“Merry Christmas.” A tired, cheery female voice said.
Richard stood, eyes half opened in the doorway of the small living room, “Merry Christmas.” Richard said groggily and smiled.
His wife was sitting in front of the tree, her legs folded under her. They had been married for three years and each of those years they agreed not to exchange gifts. They are just up together for Christmas. Even with grogginess, Richard saw the look on his wife’s face. The look was, ‘I’m sorry but I had to’.
“Morgan?” Richard asked, fully entering the room.
“Rich.” Her voice was high.
Richard settled down beside Morgan, “We agreed.”
“I know but.” She said as she held out her hand with a rectangular wrapped gift, “This will help you when you have an idea and are not able to write them down.”
Richard gave a crooked smile, half in excitement and half in guilt. He took the gift from his wife’s hand and opened up the minicorder.
That was the last Christmas they had together.
That was when Richard’s internal alarm clock woke him up at six, as it is the time he would eat dinner. When he woke up he was holding the minicorder, he regarded the gadget bittersweetly he had never used it till now.
He got up to fix something to eat, which he didn’t even taste. After he had satisfied his hunger Richard dressed in the appropriate attire for the night’s escapade. He stowed his minicorder in his pocket, tucked his legal pad under his arm and put two pens in the pocket opposite the one with the minicorder.
The dying light shown through the window, he got the strange feeling of unease staring at all the boxes. Like he might never see them again, which was possible, he was going to be doing something illegal. He plucked the minicorder from his pocket, rewound it a few seconds then switched to play and listened to his own voice say, “Flashlight to write by. Um...” He switched to stop. He nodded in concurrence with himself and grabbed the flashlight off of the window ledge. He was ready to go.
Richard walked the sidewalk like he did that very same morning, instead of zoning out and letting his feet lead. He was present and feeling a pull to stop at one of the small grocery marts that lined this and the next street. The one that he happened to be outside of when the pull occurred was Kipper’s Food and Tobacco. A small shanty sandwiched in between two office buildings, bright white light filtered out and casting rectangular shadows of notices, missing pets posters and random clippings of news and self-advertising writers. The sidewalk looked like a chessboard and as he disturbed the shadows going for the front door. His eyes caught a small clipping of paper, Richard could barely read the article underneath the words written in red Sharpe:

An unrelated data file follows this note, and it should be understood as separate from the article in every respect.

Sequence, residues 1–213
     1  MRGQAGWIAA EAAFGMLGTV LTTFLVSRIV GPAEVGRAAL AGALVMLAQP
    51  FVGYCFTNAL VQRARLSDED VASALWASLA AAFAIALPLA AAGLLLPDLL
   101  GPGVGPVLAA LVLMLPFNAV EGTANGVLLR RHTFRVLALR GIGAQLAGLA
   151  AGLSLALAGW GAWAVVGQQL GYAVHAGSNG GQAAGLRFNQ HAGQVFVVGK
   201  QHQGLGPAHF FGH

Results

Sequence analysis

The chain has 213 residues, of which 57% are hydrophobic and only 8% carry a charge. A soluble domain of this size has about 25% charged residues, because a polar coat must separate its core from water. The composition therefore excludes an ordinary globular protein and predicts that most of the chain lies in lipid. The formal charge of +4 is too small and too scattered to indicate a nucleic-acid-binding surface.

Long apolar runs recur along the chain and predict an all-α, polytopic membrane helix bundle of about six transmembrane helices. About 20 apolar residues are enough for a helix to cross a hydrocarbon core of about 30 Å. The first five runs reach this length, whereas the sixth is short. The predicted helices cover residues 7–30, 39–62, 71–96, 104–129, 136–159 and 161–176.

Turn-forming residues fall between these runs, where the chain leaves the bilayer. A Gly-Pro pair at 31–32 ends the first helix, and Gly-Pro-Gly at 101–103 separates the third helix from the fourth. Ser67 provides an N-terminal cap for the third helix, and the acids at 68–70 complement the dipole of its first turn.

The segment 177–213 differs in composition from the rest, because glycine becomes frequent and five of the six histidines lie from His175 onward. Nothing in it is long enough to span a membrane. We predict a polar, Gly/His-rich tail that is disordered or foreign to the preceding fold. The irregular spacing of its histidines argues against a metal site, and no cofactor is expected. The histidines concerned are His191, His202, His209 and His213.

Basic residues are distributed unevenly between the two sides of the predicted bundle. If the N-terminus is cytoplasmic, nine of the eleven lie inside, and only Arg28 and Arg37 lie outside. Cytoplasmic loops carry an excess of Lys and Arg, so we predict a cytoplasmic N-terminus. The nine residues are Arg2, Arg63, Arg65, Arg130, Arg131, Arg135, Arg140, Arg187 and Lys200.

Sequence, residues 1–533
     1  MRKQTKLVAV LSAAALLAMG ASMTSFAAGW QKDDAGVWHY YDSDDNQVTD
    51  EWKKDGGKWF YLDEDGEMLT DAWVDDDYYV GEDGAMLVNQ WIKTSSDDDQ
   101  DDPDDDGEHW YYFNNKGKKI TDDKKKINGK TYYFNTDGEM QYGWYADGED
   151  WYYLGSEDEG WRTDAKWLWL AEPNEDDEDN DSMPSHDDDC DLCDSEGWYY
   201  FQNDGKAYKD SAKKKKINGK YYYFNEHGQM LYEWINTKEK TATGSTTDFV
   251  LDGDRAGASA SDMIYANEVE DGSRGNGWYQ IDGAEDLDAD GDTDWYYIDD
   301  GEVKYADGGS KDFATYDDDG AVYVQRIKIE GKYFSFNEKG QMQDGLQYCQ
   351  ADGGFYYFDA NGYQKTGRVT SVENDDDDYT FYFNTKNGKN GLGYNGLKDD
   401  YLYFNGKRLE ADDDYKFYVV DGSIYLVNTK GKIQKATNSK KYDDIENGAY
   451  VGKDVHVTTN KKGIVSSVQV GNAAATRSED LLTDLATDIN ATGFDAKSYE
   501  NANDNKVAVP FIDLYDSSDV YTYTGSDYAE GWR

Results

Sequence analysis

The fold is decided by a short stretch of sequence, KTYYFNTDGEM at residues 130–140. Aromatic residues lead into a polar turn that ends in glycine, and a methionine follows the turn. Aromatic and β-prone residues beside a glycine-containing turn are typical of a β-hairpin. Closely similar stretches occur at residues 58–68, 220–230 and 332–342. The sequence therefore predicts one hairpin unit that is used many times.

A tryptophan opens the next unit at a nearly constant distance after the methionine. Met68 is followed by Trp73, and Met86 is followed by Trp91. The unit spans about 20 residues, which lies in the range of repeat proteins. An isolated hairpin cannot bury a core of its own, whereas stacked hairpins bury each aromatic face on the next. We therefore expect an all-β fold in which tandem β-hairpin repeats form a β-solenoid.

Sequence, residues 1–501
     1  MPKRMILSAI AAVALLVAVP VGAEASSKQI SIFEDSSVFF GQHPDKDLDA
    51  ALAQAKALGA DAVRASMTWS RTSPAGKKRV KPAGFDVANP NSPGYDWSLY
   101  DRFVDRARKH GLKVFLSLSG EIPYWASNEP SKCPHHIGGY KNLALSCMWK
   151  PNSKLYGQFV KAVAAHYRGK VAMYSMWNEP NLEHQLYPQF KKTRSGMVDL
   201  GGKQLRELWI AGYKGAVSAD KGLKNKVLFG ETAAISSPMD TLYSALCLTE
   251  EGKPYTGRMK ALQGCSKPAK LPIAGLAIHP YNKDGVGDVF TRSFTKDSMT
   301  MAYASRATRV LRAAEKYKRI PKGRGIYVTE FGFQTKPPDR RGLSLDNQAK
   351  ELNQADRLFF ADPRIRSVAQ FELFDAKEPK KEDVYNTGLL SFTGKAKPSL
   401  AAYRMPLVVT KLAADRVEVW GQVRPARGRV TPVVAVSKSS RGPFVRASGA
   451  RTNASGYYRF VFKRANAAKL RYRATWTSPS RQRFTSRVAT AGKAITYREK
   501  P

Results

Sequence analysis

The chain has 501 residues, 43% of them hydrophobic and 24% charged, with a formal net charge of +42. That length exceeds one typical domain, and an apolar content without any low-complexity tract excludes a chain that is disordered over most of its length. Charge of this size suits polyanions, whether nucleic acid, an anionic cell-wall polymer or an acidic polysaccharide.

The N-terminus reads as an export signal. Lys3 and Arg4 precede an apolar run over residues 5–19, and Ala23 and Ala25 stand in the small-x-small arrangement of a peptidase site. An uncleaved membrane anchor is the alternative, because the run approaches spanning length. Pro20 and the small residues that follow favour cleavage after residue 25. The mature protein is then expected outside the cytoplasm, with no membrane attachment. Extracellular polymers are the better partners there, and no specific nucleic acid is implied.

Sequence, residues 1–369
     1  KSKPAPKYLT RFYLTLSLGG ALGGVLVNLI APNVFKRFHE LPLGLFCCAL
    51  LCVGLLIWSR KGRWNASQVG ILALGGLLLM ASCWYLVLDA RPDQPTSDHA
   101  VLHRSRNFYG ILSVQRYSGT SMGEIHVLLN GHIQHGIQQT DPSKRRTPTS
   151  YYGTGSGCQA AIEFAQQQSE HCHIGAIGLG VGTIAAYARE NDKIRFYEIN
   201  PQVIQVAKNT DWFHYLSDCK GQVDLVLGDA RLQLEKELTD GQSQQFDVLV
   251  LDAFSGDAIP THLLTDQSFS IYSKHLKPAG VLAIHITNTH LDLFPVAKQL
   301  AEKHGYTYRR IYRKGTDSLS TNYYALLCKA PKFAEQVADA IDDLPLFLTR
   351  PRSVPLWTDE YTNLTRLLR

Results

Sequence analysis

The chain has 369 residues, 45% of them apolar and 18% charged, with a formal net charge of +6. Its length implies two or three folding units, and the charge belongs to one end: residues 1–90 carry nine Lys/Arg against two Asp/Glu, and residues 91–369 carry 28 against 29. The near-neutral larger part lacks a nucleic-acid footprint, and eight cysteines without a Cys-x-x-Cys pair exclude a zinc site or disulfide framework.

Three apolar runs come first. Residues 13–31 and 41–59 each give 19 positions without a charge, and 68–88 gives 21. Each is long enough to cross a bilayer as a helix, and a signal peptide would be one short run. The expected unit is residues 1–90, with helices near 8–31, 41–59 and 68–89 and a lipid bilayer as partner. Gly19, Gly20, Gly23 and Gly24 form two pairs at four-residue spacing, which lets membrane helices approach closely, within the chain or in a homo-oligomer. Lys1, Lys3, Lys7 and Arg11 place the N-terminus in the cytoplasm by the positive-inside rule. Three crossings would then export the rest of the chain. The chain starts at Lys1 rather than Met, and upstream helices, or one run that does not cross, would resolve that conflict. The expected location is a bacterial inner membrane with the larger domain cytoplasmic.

The fear. The fear of not knowing if they are okay. Their phone remains unanswered against you. Tears stream and your body shakes. In brief intervals you are allowed to think that it is not as bad as you are thinking. Only to have the brief time swallowed by the fear. The fear is something that can’t be fought, only endured. The sudden sensation of great relief when the phone rings and you hear the voice on the other end. Tears of joy fall, you feel silly for overreacting. Though, you can’t help it because you love them and care for them deeply. And the fear. The fear can be fought. The weapon is love. For without love we are lost.
“Hmm.” Richard thought as he opened the door of the mart.
The mart held a scent of a sad love affair, the shelves fully stocked and prices fair. Yet the tiles were chipped and the wallpaper, once a lovely blue color now dull and sagging.
The man at the counter, dark and full beard with gray creeping around the edges.
“Hi, man. Welcome.”
“Hi,” Richard said and walked up to the counter.
The man had a cheerful face and an overall relaxed posture, a man with nothing to lose.
“A pack of Camel’s please?” Richard asked and plucked a lighter from the display and set it on the counter, “Out there.” He pointed to the clipping stuck to the window right beside the door, “who wrote the little piece of writing titled Fear?”
The man shrugged as he put the pack down on the counter, “People are always doing that. 7.98.”
Richard nodded and paid, taking both lighter and cigs in his right hand. He walked back outside, leaned his back against the brick siding. Dropped his legal pad between his feet and unwrapped the plastic from the carton. Slamming the carton against the palm of his hand, no one will miss me. The fear will not touch anyone if indeed something does happen. He was doubtful that something worth writing would happen, it would be his luck. With a hard flick of his thumb the lid of the carton opened, revealing two rows of neatly packed cigs. Not that Richard was looking at them, he went through a smoking phase that lasted two months. This was before Morgan, Richard could not pinpoint the reason for this sudden urge to have a smoke.
Taking a cig out and placing it in the corner of his mouth. He thumbed the wheel on the lighter and lit the tip. Noticing not the slightest shake in his hand or lip, no shame here. Took a long drag, held it as he laid his head back and exhaled slowly.